August 28, 2008


Cellphones may be an underestimated target of spies and hackers, something of which you and your family may want to be aware:
1. First, there's an excellent article at GeeksAreSexy, which gives details on how cellphones are being used to monitor not only all your conversations (they listen in) but also ...
2. your location and your usual routines. Great for burglars and other evildoers, right? (GeeksAreSexy also has a great article on how to use your cellphone to set up a house-monitoring system for your home or office).
3. Cornell gives information on how hackers can take your information by intercepting its signal, and essentially bill your account for whatever use they choose. This is called "cloning," and it's against federal law. Call your phone company if you think you've been a victim of cloning.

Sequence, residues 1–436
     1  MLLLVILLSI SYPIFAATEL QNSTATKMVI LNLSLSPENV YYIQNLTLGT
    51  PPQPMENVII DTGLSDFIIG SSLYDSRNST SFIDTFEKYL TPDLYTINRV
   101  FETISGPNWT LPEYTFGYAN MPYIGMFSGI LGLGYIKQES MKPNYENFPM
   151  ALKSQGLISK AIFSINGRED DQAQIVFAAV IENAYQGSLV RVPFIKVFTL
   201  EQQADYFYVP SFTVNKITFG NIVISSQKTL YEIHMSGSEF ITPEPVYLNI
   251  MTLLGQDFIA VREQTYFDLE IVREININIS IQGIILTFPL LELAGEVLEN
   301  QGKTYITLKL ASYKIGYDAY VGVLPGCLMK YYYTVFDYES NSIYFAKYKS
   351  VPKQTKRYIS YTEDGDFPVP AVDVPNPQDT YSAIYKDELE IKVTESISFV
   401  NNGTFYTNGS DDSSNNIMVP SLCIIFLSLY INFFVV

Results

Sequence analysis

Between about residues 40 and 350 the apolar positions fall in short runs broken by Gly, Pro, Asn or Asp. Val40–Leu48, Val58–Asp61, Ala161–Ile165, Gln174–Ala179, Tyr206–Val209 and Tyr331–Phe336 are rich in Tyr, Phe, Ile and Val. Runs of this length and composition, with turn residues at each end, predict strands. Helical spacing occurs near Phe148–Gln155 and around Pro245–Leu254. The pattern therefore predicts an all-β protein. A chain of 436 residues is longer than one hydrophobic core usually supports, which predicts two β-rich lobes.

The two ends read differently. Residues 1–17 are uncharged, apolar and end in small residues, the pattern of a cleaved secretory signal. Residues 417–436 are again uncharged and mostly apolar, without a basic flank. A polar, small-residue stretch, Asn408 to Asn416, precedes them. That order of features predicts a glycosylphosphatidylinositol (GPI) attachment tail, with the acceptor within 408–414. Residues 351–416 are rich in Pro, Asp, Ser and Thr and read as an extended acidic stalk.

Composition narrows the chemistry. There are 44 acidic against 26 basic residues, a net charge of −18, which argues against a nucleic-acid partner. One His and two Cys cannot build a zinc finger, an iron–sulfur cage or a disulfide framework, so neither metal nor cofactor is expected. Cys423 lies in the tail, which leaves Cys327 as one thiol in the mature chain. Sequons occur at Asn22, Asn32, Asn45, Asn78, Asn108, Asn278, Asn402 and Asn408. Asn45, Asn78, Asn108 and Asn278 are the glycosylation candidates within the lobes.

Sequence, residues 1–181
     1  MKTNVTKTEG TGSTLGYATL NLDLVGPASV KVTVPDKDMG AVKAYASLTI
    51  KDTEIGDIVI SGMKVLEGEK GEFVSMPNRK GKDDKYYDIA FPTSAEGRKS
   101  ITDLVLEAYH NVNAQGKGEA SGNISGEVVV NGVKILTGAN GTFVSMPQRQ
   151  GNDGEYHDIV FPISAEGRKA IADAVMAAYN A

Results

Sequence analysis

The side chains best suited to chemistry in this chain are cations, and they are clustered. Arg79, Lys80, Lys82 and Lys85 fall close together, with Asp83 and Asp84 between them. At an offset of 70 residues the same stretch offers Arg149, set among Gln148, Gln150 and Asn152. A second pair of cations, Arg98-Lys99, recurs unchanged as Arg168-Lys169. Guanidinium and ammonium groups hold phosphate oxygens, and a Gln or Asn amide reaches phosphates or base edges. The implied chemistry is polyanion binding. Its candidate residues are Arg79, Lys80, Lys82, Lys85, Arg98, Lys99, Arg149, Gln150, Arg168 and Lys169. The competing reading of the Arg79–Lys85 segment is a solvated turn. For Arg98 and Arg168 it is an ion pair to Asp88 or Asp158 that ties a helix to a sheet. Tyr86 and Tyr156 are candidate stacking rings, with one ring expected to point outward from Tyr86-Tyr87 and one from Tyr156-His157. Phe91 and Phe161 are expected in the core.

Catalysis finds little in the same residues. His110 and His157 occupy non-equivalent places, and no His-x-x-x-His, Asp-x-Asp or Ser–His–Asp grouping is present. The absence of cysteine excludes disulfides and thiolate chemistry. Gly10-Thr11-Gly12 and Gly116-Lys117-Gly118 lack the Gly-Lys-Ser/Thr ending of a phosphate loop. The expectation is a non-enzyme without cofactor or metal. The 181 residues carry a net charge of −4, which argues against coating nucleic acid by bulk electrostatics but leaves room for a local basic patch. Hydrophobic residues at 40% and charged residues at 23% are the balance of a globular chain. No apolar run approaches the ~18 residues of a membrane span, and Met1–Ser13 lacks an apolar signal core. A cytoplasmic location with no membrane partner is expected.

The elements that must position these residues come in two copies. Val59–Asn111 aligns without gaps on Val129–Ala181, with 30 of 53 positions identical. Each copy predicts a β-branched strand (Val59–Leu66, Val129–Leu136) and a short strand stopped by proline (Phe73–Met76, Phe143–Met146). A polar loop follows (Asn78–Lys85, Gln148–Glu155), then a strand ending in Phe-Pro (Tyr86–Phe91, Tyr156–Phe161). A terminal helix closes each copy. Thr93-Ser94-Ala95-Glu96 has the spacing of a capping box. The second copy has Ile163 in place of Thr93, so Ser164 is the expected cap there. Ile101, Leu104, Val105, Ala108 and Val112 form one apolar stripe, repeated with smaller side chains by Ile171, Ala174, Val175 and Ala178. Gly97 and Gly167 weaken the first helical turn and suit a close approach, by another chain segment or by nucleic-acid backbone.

4. Prime targets are cellphones with access to corporate networks, where all sorts of malware can be installed, according to USA Today.
5. Other juicy targets are folk who use their phones to shop online, or to do online banking. (Think of that nice commercial, where the financial institution is promoting online banking services by showing customers hiking, rockclimbing, etc., and stopping for a minute to do a little banking.) All that private information is much easier to access on a cellphone than through a computer these days, due to the security software that's readily available for computers but not, as yet, for cellphones.
Right now, you're at risk.

This new crime frontier is spawning all sorts of security entrepreneurs who are focusing specifically upon the cellphone market. So far, there have not been any major disasters involving cellphone or PDA breaches, but expect to hear about one soon. You know the criminals are on the job.
The NIST is working on it.
If you have some concerns or suggestions, then you have an opportunity right now to provide input into the National Institute of Standards and Technology on this topic. Just send an email to with "comments sp 800-124" in the subject line, or write NISTmedia contact Michael Baum at

(According to CNET, they were looking for public commentary earlier this month, but you should still be able to get something in, right?)
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